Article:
coronavirus

Watch Live: Lightfoot to Deliver Coronavirus Update

Note: Mayor Lightfoot's news conference can be watched live in the video player above beginning at around 9 a.m. CST.

Chicago Mayor Lori Lightfoot is expected to deliver an update on "data related to COVID-19" Wednesday morning, according to her public schedule.

She will join Chicago Department of Public Health Commissioner Dr. Allison Arwady for a news conference beginning at 9 a.m. at City Hall, her office says.

At largely unrelated events in recent days, Lightfoot has answered questions about the pandemic and the city's response - ranging from Chicago's emergency travel order, to whether or not she is considering reimposing some restrictions, as well as what Chicago Public Schools plans to do in the fall, among others.

On Tuesday, Chicago added two more states - Iowa and Oklahoma - to its emergency travel order, which requires travelers visiting or returning to the city from certain states to quarantine for 14 days.

Chicago first issued an emergency travel order for 15 states just before the Fourth of July holiday weekend. The order took effect on July 6.

States included in the order then were: Alabama, Arkansas, Arizona, California, Florida, Georgia, Idaho, Louisiana, Mississippi, North Carolina, Nevada, South Carolina, Tennessee, Texas, and Utah.

Arwady at the time said travelers entering or returning to Chicago from "states experiencing a surge in new COVID-19 cases" will need to quarantine "for a 14-day period from the time of last contact within the identified state."

The order is set to remain in effect until further notice and the list of states is slated to be evaluated every Tuesday.

Lightfoot said Tuesday that the city is paying close attention to its Midwest neighbors as the travel order continues to be evaluated. Wisconsin, Minnesota and Ohio were all added to New York, New Jersey and Connecticut’s quarantine list this week as they report a spike in cases.

"I don't want to speculate about what might happen, but we're, suffice it to say, we're paying very close attention everywhere around us, and particularly states in the Midwest that border Illinois in Chicago," Lightfoot said.

Also on Tuesday, Lightfoot said an update was imminent from Chicago Public Schools on its plan for fall instruction.

"Chicago Public Schools reopens right after Labor Day and anybody sitting here in the middle of July, that thinks that they have a crystal ball and can tell you with any degree of certainty what the world is going to look like then I think is foolish," Lightfoot said in an interview on MSNBC. "But the reality is we've got to prepare. So our Chicago Public Schools is going to be releasing later this week, a framework that's going to be a starting point for conversation, particularly with parents and other people in the school community that are vital to any kind of reopening strategy."

Lightfoot didn't give specifics on what the framework would include but said "we've got to have maximum flexibility to make sure that parents have predictability, but they've got a flexible schedule that they can depend upon."

"And so we're going to start that kind of conversation with parents and teachers, staff and other stakeholders," she said.

Lightfoot has also repeatedly, in recent days, warned of an uptick in coronavirus cases among younger age groups - pleading with everyone to follow public health guidelines.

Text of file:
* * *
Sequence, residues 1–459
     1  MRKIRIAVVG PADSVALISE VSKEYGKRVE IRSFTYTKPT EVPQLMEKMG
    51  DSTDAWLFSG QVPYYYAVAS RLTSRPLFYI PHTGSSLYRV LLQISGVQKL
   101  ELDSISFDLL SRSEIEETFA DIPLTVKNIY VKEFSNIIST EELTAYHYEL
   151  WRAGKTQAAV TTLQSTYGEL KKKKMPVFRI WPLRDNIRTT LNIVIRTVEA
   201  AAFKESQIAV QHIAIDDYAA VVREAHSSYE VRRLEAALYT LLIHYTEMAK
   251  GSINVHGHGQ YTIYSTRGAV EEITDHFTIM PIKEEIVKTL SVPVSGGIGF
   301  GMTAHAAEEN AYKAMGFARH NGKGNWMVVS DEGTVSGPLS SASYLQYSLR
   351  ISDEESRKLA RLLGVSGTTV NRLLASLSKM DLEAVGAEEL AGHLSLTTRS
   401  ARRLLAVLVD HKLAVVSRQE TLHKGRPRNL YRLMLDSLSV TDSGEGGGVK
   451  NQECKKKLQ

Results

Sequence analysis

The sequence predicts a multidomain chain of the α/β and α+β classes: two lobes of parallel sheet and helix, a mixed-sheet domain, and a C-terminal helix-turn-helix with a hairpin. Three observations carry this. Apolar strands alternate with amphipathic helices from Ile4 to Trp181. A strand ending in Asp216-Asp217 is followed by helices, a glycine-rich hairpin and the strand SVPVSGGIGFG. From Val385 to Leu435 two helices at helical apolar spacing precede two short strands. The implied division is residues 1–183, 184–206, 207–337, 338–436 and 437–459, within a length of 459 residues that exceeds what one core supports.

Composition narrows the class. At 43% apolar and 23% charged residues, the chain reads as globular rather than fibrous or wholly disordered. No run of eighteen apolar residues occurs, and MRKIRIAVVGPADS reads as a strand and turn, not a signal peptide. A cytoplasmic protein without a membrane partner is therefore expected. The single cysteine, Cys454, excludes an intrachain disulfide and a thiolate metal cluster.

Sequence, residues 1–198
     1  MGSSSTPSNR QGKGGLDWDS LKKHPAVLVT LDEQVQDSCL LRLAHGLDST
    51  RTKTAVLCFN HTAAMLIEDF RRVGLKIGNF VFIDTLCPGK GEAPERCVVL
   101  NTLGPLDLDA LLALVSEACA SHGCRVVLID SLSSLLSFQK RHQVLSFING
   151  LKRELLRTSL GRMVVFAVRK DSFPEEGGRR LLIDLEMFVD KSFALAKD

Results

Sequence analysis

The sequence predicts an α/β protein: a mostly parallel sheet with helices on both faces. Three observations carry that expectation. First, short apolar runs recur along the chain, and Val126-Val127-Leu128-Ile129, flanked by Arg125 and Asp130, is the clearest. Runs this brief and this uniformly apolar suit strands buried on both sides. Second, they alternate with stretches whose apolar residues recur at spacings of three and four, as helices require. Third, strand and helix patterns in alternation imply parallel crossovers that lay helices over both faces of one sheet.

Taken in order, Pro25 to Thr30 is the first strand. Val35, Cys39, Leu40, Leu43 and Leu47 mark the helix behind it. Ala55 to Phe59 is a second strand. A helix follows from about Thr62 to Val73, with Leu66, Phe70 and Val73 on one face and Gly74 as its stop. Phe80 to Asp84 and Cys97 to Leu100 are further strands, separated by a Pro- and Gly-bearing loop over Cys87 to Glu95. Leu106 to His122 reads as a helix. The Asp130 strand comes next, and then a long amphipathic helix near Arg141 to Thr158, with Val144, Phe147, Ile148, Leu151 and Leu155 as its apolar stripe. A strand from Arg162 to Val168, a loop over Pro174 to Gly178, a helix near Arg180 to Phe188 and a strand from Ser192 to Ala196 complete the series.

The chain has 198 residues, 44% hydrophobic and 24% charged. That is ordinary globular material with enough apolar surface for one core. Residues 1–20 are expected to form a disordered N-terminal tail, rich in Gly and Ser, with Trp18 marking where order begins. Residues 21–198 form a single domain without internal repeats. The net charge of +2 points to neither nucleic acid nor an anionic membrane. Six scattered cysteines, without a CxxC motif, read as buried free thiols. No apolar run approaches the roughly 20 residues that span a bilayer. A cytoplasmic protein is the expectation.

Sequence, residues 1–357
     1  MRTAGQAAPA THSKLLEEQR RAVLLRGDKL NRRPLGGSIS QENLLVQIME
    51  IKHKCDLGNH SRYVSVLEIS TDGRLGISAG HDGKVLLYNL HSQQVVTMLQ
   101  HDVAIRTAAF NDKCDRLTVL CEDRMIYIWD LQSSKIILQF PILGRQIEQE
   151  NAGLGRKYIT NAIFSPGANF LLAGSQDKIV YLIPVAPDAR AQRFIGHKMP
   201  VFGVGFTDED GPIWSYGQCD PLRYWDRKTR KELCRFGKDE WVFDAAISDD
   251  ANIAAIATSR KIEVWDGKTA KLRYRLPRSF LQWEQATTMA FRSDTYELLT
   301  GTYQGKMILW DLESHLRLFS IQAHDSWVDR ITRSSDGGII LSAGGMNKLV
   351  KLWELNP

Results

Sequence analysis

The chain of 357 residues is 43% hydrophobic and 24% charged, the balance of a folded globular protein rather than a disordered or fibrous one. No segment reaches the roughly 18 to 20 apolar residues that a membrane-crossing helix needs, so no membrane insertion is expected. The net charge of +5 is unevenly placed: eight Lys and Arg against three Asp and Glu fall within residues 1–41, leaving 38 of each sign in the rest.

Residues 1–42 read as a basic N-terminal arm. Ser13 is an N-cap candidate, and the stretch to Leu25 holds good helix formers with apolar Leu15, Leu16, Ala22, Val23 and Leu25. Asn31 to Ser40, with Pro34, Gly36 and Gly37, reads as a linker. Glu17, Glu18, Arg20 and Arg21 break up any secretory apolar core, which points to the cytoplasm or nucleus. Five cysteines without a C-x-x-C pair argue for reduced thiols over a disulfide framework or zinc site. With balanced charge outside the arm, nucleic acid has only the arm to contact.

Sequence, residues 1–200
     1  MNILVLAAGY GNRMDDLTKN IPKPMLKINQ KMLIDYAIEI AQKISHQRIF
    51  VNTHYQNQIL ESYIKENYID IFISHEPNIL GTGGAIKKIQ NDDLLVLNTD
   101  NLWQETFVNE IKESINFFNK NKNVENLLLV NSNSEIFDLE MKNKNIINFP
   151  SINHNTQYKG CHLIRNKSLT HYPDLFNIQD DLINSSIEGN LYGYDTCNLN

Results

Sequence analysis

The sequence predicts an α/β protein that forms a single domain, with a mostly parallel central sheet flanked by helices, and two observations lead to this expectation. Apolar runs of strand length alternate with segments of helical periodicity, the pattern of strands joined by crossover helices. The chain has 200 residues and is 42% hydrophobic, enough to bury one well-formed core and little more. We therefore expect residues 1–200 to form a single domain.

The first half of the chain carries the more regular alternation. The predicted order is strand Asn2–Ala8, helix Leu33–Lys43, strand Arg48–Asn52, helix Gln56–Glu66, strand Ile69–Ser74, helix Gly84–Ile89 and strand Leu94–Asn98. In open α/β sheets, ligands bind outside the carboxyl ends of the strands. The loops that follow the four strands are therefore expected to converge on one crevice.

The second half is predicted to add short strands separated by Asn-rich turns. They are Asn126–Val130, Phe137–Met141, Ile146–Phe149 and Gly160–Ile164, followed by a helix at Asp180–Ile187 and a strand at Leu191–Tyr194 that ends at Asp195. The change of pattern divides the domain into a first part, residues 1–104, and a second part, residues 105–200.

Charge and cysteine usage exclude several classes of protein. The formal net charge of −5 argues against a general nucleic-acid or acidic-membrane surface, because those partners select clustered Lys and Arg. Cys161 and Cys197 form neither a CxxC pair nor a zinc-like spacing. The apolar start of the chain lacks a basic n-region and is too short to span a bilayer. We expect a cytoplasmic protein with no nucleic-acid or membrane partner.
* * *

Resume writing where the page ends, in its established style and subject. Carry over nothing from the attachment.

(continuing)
"We do have concerns and we specifically have concerns in the 18- to-29-year-old cohort where we're starting to see an uptick in cases," Lightfoot said in a news conference Monday.

"I can't emphasize enough why wearing a face cover every single time you leave your house is critically important," she said. "Now, that's a challenge with that cohort, because we'll all hearken back to the time when we were that age, we felt like, you know, we were invincible. But this virus doesn't discriminate."

Lori Lightfoot went on to say that she would not hesitate to reinstate restrictions to slow the spread of the deadly coronavirus, including shutting down indoor dining and bars once again, as the city sees an uptick in cases, particularly among younger age groups.

"I'm not going to take anything off the table," Lightfoot said when asked specifically if she was considering rolling back indoor dining, which resumed across Illinois when the state entered phase four of its reopening plan on June 26.

"I don't think we're at that point just yet," she continued. "But I am deeply concerned because we're starting to see this uptick. We're starting to see an uptick in the number of daily cases, deaths are going down, which is great. Most of our hospital indicators are good, but the case rate, the daily accumulation of cases is something I'm definitely concerned about. And we're not going to hesitate to take the steps that are necessary if we continue to see a rise in that number."

Chicago has been in phase four of its reopening plan since June 26. The city implemented a system to determine if the reopening should stall or possibly even move backwards based on several metrics, including number of cases, positivity rate in testing, contact tracing capabilities, hospitalization data and more.

As long as metrics continue to be met, or stay "green," cautious reopening plans can advance. If some metrics are not being met, or become "yellow," the city will "pause and monitor."

But if the city's progress turns "red," plans will stop and some restrictions may be reinstated, officials said.

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